HR 622

Chaffetz in camo
Poser. To appease the outpouring of opposition from the hunting community who fear loss of access to lands leaving the public domain, Chaffetz posted a video of himself in camo with a rifle and a hunting dog, declaring his (seemingly newfound) “love for our public lands.”

In a rare reversal just days after he introduced H.R. 621--the “Disposal of Excess Federal Lands Act” – to sell 3.3 million acres of land managed by the Bureau of Land Management (BLM) in 10 states, the author, U.S. Representative Jason Chaffetz (R-Utah), publicly withdrew the bill.

However, he has yet to withdraw the companion bill, H.R. 622, the “Local Enforcement for Local Lands Act,” that would eliminate the law enforcement programs and authorities of both BLM and the U.S. Forest Service (USFS). In their place, those agencies would “provide grants to affected states for the enforcement of federal law on federal land.”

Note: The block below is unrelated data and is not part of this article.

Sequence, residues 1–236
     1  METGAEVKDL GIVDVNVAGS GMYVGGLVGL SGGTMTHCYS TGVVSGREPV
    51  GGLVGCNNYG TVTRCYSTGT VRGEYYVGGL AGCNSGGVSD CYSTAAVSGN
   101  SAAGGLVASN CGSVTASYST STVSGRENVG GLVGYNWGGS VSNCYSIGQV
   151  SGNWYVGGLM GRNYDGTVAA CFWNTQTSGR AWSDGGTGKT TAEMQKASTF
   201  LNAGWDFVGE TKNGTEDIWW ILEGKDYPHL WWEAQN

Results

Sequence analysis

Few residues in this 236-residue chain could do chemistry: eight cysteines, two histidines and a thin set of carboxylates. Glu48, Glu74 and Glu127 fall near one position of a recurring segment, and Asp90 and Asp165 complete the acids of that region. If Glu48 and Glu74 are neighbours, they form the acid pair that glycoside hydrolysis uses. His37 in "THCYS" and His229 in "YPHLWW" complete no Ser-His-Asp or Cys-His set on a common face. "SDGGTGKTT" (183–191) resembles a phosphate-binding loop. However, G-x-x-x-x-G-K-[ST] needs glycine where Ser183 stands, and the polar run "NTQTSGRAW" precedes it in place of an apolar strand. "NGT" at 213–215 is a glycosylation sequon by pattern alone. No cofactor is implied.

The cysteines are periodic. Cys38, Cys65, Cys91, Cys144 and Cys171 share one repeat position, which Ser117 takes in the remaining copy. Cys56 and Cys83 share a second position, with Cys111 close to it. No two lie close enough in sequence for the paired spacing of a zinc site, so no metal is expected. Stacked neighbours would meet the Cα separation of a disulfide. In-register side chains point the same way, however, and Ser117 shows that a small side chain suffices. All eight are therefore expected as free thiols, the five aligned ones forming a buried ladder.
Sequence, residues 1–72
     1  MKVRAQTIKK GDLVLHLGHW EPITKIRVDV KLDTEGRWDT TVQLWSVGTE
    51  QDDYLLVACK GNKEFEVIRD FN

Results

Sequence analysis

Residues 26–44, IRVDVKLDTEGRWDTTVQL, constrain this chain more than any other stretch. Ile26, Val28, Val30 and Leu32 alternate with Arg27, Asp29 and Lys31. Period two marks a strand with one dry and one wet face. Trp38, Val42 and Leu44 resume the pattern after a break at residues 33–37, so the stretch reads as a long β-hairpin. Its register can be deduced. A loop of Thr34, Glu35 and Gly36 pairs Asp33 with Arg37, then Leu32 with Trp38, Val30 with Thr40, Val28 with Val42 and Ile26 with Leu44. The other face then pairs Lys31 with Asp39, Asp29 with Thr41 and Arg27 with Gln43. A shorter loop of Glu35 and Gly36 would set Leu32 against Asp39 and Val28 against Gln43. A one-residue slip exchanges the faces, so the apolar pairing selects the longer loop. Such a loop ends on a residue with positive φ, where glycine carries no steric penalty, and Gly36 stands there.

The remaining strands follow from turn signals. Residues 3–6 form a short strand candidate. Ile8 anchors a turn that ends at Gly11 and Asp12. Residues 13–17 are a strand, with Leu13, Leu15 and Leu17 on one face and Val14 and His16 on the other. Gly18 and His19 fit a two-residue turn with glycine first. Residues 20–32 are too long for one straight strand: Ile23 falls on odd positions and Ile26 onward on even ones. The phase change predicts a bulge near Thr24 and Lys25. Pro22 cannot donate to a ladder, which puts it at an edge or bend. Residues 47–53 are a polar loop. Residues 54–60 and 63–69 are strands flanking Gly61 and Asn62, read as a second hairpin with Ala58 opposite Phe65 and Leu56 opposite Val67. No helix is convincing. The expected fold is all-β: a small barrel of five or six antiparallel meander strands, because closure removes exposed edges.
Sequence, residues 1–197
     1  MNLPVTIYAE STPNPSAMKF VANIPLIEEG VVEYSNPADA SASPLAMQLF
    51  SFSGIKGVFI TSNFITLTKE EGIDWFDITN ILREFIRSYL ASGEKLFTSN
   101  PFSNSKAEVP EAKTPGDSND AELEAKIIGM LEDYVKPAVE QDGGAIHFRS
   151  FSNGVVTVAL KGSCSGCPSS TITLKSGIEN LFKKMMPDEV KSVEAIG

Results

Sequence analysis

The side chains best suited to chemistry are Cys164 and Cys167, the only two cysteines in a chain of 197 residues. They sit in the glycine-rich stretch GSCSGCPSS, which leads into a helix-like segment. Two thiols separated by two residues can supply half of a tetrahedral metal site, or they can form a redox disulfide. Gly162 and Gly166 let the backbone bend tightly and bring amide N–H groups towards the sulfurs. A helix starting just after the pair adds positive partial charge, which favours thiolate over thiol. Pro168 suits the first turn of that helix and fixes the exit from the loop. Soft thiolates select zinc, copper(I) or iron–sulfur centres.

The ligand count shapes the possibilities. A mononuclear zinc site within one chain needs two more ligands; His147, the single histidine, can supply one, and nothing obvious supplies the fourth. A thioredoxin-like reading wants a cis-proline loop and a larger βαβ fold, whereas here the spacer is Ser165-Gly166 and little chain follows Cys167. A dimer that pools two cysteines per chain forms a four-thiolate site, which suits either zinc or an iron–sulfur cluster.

While retaining federal ownership, the bill would effectively strip the federal government of its ability to oversee activities on these lands. Instead, local sheriffs would assume sole responsibility for patrolling and policing them. Crimes over which these local officials would assume responsibility go well beyond off-road vehicle violations, littering and vandalism. They would also assume control over investigations into complex crimes involving invasive species, wildland fires, artifact looting, commercial timber theft and illegal mining among a score of other federal resource protection laws.

Search and Rescue
Many Hats. Federal rangers are often called upon for search and rescue.

Paradoxically, local officials would also be the only authority for assuring compliance with the terms and conditions of federally issued permits. In addition, those remaining federal land management staff would have to rely on local authorities for protection against criminal threats and assaults against them.

PEER is pulling together a network of both retired and active USFS and BLM law enforcement personnel, as well as county sheriffs, to document the thorough awfulness of this idea.